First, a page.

10,000 square miles of salt

salt caked street closeupGeological/road deicing facts of the day: New York State, the nation's third-leading producer of salt, has the deepest salt mine in the Western Hemisphere. From a 2009 article in the DEC's Conservationist:

In New York, salt (a.k.a. the mineral halite) occurs in formations deep underground. These formations are remnants of a vast sea that covered what is today's western and central New York during the Silurian period, some 400 million years ago. Over time, the water dried, leaving behind thick salt deposits. Today, more than 10,000 square miles (about 3.9 trillion metric tons) of salt lie under New York at depths ranging from 500 feet near Syracuse to 4,000 feet near the Pennsylvania/New York border. With salt deposits so deep and expansive, collecting it can be a challenge. ...
Since the early 1900s, conventional hard rock salt mining is the primary process used for mining salt for deicing and snow removal. Employing the "room-and-pillar" method during mining, solid salt pillars are carved in the underground cavern to provide roof support and the walls of salt are excavated through the use of small, controlled blasts. Front-end loaders scoop the pile of fallen salt, which is then processed in a crusher to make the salt uniform. Next, the salt is hoisted to the surface and taken away by trucks and trains.
In New York there are two active conventional salt mines-Cargill's Cayuga Mine in Tompkins County, and American Rock Salt's Hampton Corners Mine in Livingston County. The Cayuga mine is a large operation that encompasses approximately 18,000 acres under portions of Cayuga Lake and adjacent lands. In addition, the mine is 2,300 feet deep, making it the deepest salt mine in the western hemisphere.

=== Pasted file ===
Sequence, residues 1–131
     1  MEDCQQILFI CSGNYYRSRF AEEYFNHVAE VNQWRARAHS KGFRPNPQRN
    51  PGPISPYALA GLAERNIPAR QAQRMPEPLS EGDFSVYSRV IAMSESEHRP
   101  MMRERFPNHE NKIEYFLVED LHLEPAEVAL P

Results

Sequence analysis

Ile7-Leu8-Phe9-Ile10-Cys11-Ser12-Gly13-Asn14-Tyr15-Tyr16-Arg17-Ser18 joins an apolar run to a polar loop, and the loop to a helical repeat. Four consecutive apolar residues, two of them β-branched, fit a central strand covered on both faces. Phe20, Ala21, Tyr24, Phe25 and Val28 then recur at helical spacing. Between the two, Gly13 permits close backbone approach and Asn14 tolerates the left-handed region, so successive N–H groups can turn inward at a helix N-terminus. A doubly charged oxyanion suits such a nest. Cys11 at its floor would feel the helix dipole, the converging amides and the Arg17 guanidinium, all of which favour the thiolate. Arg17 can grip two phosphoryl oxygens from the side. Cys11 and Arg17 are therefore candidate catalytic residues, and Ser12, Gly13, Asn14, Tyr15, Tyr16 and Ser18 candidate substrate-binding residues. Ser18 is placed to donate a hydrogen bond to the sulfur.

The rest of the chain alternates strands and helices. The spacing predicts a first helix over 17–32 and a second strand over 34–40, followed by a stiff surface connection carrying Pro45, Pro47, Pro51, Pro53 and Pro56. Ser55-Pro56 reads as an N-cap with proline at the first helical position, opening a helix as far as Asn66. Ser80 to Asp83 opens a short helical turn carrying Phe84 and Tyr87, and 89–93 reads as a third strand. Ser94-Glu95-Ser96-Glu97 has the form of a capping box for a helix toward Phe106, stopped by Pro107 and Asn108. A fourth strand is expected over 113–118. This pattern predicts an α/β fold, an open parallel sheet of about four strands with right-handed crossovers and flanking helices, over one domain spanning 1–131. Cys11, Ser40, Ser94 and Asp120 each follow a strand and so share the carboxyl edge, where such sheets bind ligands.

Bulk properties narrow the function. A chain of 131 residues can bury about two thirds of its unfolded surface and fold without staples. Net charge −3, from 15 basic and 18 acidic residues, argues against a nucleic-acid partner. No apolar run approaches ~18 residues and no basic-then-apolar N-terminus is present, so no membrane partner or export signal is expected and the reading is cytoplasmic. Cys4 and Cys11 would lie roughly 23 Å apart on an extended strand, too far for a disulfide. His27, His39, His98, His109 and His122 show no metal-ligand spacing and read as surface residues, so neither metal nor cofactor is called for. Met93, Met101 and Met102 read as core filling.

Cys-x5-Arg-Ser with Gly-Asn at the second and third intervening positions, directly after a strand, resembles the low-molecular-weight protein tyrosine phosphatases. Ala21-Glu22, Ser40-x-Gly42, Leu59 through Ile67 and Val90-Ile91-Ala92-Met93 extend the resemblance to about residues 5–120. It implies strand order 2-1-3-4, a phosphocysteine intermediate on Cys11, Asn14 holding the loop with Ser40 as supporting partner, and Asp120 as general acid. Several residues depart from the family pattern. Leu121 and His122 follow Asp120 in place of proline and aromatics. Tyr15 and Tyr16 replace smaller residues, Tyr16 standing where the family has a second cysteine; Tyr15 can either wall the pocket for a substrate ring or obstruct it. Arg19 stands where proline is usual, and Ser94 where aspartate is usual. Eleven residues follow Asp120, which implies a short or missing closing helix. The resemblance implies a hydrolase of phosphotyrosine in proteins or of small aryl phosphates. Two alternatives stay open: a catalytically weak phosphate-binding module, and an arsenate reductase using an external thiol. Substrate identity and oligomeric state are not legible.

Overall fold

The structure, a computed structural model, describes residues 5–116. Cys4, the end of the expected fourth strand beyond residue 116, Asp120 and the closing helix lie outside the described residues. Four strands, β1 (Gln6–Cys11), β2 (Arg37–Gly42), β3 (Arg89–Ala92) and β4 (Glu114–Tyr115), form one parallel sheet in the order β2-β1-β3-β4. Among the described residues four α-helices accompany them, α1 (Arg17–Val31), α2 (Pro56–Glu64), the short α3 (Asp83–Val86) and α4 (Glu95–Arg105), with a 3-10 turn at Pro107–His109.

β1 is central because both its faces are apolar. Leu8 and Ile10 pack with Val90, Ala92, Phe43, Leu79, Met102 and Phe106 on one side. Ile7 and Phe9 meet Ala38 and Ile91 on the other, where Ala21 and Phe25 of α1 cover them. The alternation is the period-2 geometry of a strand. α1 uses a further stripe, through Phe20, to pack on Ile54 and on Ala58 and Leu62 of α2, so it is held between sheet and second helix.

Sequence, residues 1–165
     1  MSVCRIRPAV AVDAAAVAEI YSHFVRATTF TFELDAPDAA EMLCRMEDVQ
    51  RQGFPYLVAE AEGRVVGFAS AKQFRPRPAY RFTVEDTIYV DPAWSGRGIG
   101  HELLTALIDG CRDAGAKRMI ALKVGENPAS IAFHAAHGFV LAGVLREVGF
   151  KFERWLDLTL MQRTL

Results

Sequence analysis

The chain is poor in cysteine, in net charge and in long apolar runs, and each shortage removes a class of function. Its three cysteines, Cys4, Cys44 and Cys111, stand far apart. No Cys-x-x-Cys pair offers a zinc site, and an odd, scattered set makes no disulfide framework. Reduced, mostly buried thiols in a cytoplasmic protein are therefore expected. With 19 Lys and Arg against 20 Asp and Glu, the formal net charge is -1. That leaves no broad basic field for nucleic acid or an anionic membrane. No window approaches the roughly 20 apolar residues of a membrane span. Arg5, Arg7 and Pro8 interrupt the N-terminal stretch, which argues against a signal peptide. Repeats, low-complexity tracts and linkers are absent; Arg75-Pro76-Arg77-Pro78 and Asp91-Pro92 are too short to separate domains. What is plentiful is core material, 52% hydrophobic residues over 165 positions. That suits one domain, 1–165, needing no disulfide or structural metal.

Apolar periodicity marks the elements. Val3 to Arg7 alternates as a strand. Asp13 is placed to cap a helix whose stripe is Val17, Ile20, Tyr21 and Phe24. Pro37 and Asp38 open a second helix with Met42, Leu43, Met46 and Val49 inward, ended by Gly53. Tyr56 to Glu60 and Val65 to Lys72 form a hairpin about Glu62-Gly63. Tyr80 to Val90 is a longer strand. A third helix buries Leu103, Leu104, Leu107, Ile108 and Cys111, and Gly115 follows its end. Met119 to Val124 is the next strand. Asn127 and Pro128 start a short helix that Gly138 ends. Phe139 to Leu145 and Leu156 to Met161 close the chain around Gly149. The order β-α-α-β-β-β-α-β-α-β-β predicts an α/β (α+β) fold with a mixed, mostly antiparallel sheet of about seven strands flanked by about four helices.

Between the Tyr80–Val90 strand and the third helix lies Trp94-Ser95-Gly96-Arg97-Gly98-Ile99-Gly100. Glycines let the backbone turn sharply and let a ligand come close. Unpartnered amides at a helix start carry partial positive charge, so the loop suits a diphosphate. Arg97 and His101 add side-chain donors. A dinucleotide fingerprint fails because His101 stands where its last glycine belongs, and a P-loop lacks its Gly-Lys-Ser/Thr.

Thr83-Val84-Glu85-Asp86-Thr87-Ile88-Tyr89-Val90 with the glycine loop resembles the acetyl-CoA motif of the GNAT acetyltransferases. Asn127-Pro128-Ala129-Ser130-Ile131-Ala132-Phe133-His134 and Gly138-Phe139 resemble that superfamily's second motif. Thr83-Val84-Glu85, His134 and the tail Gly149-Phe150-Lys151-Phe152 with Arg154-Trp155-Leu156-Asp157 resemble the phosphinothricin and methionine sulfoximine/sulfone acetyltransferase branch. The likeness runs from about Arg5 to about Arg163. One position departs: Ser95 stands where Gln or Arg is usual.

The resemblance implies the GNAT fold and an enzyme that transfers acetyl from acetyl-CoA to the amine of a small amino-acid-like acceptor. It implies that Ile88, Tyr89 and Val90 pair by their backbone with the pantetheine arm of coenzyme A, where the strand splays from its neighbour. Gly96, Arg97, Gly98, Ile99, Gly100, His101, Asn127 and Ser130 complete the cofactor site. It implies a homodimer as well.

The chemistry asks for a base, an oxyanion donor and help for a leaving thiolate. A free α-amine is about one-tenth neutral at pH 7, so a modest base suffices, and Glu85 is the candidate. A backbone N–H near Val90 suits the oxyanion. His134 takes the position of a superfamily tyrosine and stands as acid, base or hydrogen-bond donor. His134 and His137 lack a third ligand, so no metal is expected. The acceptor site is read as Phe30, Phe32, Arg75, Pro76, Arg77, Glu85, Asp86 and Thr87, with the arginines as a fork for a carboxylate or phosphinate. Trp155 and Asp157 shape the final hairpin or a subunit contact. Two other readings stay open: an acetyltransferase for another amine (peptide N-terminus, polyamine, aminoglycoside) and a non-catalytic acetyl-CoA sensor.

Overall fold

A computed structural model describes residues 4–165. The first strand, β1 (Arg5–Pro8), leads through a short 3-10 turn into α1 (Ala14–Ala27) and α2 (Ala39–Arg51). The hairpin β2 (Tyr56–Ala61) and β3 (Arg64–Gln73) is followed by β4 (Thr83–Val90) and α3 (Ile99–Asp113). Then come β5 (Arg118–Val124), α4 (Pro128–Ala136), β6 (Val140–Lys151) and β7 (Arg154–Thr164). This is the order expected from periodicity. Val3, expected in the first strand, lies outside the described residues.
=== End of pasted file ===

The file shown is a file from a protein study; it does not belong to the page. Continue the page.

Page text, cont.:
That American Rock Salt mine, near Rochester, is said to be the largest salt mine in the United States. As you might imagine, they've been rather busy this winter. [AP/Syracuse.com]

Also: We're not sure this quite lives up to its billing as "The Surprising History of Road Salt," but this recent NatGeo article does include some interesting bits.

Earlier on AOA: And the roads will run with beet juice

Comments

If you think that's interesting, you should read "Salt", by Mark Kurlansky. Among the interesting things I found out from the book is that the Erie Canal route was chosen in part to go near salt marshes south of Syracuse because that was such an important trade product at the time. He's also written another book with New York (though not upstate) connections called "The Big Oyster", about the history of oystering around New York City.

Mike Jones is right -- Kurlansky's "Salt: A World History" is one of the most fascinating books I've ever read. It made me appreciate this common but vital substance in a way I never imagined, whether it's harvested from the sea or brine marshes, or mined from deep within the earth. (Kurlansky's book on the history and natural history of cod and cod fishing is also remarkable.)

In Syracuse, Salina Street (as well as the name of the town of Salina) is derived from the word saline.

Finally! Other people who have read that great book.